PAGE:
Commonly found in a variety of medicines, from those used to treat HIV to fungal infections, St John’s wort is very useful, but it has been found to interfere with a particular emergency contraceptive pill prescribed by doctors usually taken after unprotected sex, or when usual contraceptives fail.
The contraceptive in question is a drug known as levonorgestrel, an emergency pill that can be taken within three days after unprotected sex in order to prevent unwanted pregnancies. But now researchers have found that ingredients in other unrelated drugs, such as St John's wort, can interact with levonorgestrel and make it significantly less effective.
The Medicines and Healthcare products Regulatory Agency (MHRA) has issued an information sheet for those who may be affected by the new findings. They recommend that anyone taking any drugs that contain St John’s wort as an ingredient to tell your doctor if you’ve been using them within the last four weeks. These drugs include those prescribed for epilepsy, tuberculosis, HIV, fungal infections, or other herbal remedies that might contain extracts of the plant.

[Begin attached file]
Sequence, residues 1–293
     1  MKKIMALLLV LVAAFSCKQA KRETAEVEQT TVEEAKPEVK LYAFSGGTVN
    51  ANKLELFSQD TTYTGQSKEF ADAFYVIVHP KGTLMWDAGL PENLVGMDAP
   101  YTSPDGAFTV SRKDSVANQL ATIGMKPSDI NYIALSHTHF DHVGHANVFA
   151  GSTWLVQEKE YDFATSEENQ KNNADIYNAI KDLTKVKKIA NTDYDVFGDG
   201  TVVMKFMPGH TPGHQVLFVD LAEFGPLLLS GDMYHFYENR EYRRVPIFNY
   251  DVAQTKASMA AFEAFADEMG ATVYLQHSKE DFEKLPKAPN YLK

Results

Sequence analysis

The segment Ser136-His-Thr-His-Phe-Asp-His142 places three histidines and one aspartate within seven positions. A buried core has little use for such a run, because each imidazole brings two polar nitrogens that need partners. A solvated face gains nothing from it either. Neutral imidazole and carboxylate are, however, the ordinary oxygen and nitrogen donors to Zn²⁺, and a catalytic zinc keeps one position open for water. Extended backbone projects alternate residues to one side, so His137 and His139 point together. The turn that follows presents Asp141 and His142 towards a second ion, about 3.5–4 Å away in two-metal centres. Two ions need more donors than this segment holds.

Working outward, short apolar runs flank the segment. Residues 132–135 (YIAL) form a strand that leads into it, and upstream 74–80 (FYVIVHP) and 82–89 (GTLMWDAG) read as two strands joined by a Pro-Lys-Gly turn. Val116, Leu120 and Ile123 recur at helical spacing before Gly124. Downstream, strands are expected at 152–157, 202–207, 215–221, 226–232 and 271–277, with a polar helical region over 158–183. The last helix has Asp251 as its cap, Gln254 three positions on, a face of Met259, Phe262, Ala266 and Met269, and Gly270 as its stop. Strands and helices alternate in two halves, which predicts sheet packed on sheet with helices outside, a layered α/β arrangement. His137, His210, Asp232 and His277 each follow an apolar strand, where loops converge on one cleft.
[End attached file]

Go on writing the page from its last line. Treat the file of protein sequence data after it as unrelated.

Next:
St John’s wort (Hypericum perforatum) is a plant found across much of Europe, Asia, and North America, and contains an active compound called hypericin. The plant is commonly used as a herbal remedy to treat depression, and a Cochrane review that assessed 29 randomized controlled trials of the plant found that it was better than a placebo at treating major depression, being as effective as standard antidepressants, and showing fewer side effects.
The MHRA recommend that if a woman is taking any of the drugs implicated, and also requires emergency contraception, then they should consider other types, such as the coil. This is a copper intrauterine device inserted into the womb, and is not known to interfere with other medications. Alternatively, considering that St John’s wort makes levonorgestrel less effective, they have also suggested that people can double their dose, which should be taken at the same time.
“Our new patient information sheet provides information on what types of medicines could interfere with how the emergency contraceptive works,” explained Dr Sarah Branch, the deputy director of MHRA’s Vigilance and Risk Management of Medicines Division, to BBC News. “It tells women what steps they need to take to ensure they receive the correct dose. The earlier that emergency contraception is taken after unprotected intercourse, the better it works.”